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Kate Moss & Naomi Campbell (in Alaïa) at the Barney's New York party ~ 2007
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Dress from the mid-1980s ~ (Vogue archives)

"The most beautiful women in the world wear Alaïa"

Spring/Summer ~ 1989
(Photo by Guy Marineau)

Autumn/Winter ~ 1989
(Photo by Guy Marineau)
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Azzedine Alaïa eyelet ensemble ~ Spring/Summer 1992

Perhaps the most intimate experience anyone might have with Alaïa is to observe his hands at work. The hands have been shaped by his métier—by pinching fabric, by pushing in pins, by endless small, sure fluttering and flowing movements, similar to the gestures of a sculptor modeling clay. His hands are flexible, but calloused.”
~ Amy Fine Collins, Vanity Fair


"The Azzedine Alchemy" -  Elle ~ May, 1992
(The photographs above are by Gilles Bensimon)
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Autumn/Winter ~ 1991/1992 (Leopard-print knits collection)

"Hot Naomi by Azzedine Alaïa" - Vogue Italia ~ December 1991
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When I design, I am always starting at the beginning. I consider that I know nothing. I have more problems making a pencil skirt now than I did two years ago! I am never sure that anything’s good enough.
Something that is good today will not be good tomorrow.” ~ Azzedine Alaïa

Veteran Alaïa muse & friend, Naomi Campbell ~ 1991
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The above image is courtesy of: Naomi Campbell
(The above three photographs are by Herb Ritts)

(The above two photographs are by Tom Munro) ~ Vogue Russia

The above six images of Naomi Campbell are courtesy of:

Naomi Campbell
(The above four photographs are by Dominique Issermann for Stiletto Magazine ~ Autumn 2013)
The above four images are courtesy of: Smartologie

The girls fought over what pieces they got to wear. Everyone in the world would be in the audience—Chirac, Mitterrand, artists, rock stars. They knew they were about to witness something no one had ever seen before.” ~ Veronica Webb

"Mad About Alaïa" - Harper's Bazaar ~ March, 2010
(Photograph by Peter Lindbergh)

"Easing Up" - Elle ~ August, 1996
(The above photographs are by Gilles Bensimon)

"The Master Touch" - Elle ~ September, 2000
(The above photographs are by Gilles Bensimon)

"The Allure of Alaïa" - Elle ~ October, 2001
(The photographs above are by Gilles Bensimon)

"The Artist And His Model" - Elle ~ January, 2003
(The photographs above are by Gilles Bensimon)

"Back to the Future" - Elle ~ July, 1995
(The photographs above are by Gilles Bensimon)
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“...but simplicity is nearly always deceptive. It cannot be achieved without a perfect command of technique.~ Ian Dunlop

Stephanie Seymour photographed by Richard Avedon for The New Yorker ~ 1994
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Photograph by Richard Avedon for The New Yorker ~ 1994
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With Tina Turner ~ ca. 1989

Christy Turlington

Naomi Campbell in an ensemble from the 1991 "TATI"-inspired collection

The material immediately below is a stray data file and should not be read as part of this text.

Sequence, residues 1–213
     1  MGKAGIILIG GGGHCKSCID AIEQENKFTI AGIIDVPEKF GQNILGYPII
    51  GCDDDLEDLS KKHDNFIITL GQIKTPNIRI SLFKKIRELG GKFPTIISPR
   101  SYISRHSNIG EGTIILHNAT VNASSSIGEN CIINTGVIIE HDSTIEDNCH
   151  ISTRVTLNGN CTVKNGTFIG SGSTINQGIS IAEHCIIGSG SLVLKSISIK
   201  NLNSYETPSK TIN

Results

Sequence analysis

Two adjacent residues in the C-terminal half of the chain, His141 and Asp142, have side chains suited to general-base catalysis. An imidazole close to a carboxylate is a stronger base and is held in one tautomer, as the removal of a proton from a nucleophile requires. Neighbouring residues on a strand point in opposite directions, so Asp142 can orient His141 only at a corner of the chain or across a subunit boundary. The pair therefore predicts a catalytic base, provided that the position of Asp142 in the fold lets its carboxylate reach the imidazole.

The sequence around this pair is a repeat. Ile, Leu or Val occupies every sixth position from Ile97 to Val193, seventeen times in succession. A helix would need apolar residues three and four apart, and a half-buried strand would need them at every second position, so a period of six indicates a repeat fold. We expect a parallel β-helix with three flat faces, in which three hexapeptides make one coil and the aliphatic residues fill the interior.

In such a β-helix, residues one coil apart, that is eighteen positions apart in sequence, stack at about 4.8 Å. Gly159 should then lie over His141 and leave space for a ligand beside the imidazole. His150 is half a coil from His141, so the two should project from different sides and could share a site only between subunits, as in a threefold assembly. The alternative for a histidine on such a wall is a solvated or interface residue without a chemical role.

(The above photograph is by Herb Ritts)
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Naomi photographed by Herb Ritts ~ 1991
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Christy Turlington in Alaïa's "TATI"-inspired print ensemble

Illustrations of Naomi Campbell
Azzedine Alaïa's "TATI"-inspired print: Spring/Summer ~ 1991

The four illustrations above are all by Thierry Perez
The above four images are courtesy of: Decoy Magazine

Above left: sculpture of Naomi Campbell | Above right: sculpture of Grace Jones
(Both sculptures are by Thierry Perez)
Above left image, courtesy of: Naomi Hit Me | Above right image, courtesy of: Pinterest


Above image is courtesy of: The Style Rebels

Above left image, courtesy of: SanDiegoRed | Above right image, courtesy of: Rhianna Overdose

Above left image, courtesy of: El Blog de Ana Suero | Above right image, courtesy of: The Washington Post

Above left image, courtesy of: Style Mag | Above right image, courtesy of: Popsugar
Rhianna in Azzedine Alaïa at the 2013 Grammy Awards

Three times I have refused [the  Légion d'honneur]. From Mitterrand, from Chirac, and from Sarkozy. Why? Because the most beautiful decoration for me is when women are wearing my clothes.” ~ Azzedine Alaïa


Video is courtesy of: yasminlebondotnet ~ YouTube & Fashion Television

Video courtesy of: HetGroningerMuseum ~ YouTube

Video courtesy of: RTV Noord ~ YouTube

Video courtesy of: BLOUIN ARTINFO ~ YouTube

Video courtesy of: mairiedeparis ~ YouTube

Stephanie Seymour Clothes
Stephanie Seymour departs from the Metropolitan Museum of Art Costume Institute Gala ~ May 5, 2008
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As far as my work is concerned, it's always been the same. The struggles that obsess me are whether a sleeve fits properly, whether I have the length right, whether a fabric works in all the ways it should. The challenge is how to make the clothes.
~ Azzedine Alaïa

(Photo by Jean-Paul Goude)
Image courtesy of: The Ground Magazine

Suggested readings:
Alaïa (2000), by Azzedine Alaïa & Michel Tournier: Gerhard Steidl Druckerei und Verlag (Germany)

Alaïa (2006), by François Baudot: Assouline
Alaïa: Azzedine Alaïa In The 21st Century (2012), by Groninger Museum: Exhibitions International